Post-petroleum Healthcare

While many of the articles I found during research were aimed at reducing the carbon footprint of healthcare, my focus, as I mentioned, is a little different. Shrinking footprints is important, of course, but neither I nor most of my readers are in a position to shrink healthcare footprints directly. What are we supposed to do, boycott our own medical care in protest? No, our job here is to support (and demand!) climate-friendly political leadership.

But I want to know what we can look forward to. What will healthcare in a carbon-neutral society look like? Do we have to think about the ethics of a trade-off, restricting healthcare for the good of the rest of the world, or is such a conflict really a non-issue?

What We Know

What do all the facts and figures I’ve collected suggest?

First of all, healthcare as a whole tends to be about 10% of each country’s total carbon footprint or less. That means most countries could make substantial progress towards carbon neutrality without touching healthcare at all. But there are reasons to believe healthcare footprints can shrink without changing the standard of care.

  • A substantial source of emissions must be electricity use by healthcare facilities. Switching the electricity grid to renewables will therefore automatically shrink the healthcare footprint even if the facilities themselves don’t change.
  • Many healthcare-related emissions types are the same as for similarly-sized facilities in other industries, and can therefore be reduced in the same way: buildings can be better-insulated; lights can be switched to LEDs; unused equipment can be turned off; waste can be minimized; food (in hospitals) can be sourced locally and made largely vegetarian; and so on.
  • Many healthcare-specific emissions types can shrink: operating rooms can switch away from desflurane; the footprint of pharmaceutical production can be reduced (as evidenced by Johnson & Johnson); and ground-based ambulances can run on biodiesel.

There is only one area where I suspect major changes might need to be made; air ambulances could use biofuels, too, but since these are likely to be more expensive than petrofuels, fuel-intensive operations, like Australia’s helicopters, might be cost-prohibitive. Various structural changes to the system might be necessary to maintain the standard of care.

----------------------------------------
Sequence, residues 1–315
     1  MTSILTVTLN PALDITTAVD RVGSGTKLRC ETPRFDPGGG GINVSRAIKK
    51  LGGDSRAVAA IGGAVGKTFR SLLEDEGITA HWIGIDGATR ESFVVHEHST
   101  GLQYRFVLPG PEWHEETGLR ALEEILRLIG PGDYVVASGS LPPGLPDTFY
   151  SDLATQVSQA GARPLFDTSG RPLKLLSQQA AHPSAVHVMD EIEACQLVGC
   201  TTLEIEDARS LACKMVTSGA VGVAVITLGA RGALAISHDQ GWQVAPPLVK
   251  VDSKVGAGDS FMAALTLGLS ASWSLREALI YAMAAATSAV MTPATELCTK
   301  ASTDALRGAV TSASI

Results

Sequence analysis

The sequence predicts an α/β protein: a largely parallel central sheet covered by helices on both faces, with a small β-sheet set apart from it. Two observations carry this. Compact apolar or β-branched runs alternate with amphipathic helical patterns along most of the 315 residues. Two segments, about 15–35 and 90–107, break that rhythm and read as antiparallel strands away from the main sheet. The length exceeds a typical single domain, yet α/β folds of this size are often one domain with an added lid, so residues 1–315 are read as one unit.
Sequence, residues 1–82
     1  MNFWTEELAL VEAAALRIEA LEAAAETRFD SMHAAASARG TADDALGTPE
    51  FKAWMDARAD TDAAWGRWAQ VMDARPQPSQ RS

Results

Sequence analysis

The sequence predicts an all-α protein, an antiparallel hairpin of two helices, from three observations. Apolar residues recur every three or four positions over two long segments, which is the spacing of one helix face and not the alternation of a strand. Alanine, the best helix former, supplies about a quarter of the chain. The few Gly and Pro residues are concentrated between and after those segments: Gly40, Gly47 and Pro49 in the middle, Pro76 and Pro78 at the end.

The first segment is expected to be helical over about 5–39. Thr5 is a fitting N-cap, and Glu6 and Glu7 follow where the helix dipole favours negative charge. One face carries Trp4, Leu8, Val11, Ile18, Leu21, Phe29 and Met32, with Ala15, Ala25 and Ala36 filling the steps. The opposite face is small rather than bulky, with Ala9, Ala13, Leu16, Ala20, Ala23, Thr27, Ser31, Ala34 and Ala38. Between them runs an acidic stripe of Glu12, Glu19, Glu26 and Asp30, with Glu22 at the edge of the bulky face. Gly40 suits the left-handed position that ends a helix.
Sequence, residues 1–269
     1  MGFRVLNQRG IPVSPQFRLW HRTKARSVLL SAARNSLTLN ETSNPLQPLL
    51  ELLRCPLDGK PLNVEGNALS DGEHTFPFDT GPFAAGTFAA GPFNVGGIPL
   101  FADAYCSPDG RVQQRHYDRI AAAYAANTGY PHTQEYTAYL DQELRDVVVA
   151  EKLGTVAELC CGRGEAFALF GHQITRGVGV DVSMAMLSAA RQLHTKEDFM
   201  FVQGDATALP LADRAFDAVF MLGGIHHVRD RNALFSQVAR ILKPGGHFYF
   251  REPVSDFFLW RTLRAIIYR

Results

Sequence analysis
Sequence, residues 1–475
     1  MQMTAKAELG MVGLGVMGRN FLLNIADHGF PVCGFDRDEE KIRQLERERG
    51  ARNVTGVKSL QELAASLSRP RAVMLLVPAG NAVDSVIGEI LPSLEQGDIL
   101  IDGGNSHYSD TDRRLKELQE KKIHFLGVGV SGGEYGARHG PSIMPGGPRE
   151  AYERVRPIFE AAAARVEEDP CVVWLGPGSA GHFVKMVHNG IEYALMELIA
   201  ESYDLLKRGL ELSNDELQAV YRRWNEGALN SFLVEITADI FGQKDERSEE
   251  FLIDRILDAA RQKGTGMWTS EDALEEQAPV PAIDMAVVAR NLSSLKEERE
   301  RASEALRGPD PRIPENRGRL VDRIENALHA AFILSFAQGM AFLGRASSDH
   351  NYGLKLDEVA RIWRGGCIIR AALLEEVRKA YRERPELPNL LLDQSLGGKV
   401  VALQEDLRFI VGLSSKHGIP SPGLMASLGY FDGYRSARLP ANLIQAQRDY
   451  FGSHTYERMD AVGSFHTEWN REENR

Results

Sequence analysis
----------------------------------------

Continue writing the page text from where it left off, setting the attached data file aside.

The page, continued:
That’s OK. Structural changes can be made.

Possible Complications

All of the above suggests that healthcare could stay basically the same and become carbon neutral–but that’s not true because a carbon neutral society will have to change in ways that will in turn influence healthcare. Exactly what these changes might be is impossible to predict, but we can do a little educated speculation.

Improved Health

We know that modern environmental problems cast a healthcare shadow, both directly and indirectly. From pollution, to extreme weather, to increased violence, to mental health concerns, the environmental crisis is bad for people. And some things that are also bad for people, such as a sedentary (automobile-based) lifestyle and a diet rich in animal products, exacerbate the crisis further. This not to say that we’re sicker now than our pre-industrial ancestors were–we’re not–but most of the factors that have improved our health (antibiotics, vaccines, public sanitation) should not be threatened by carbon neutrality.

So a carbon-neutral world should see its healthcare needs drop, thus further shrinking the healthcare footprint.

An Altered Economy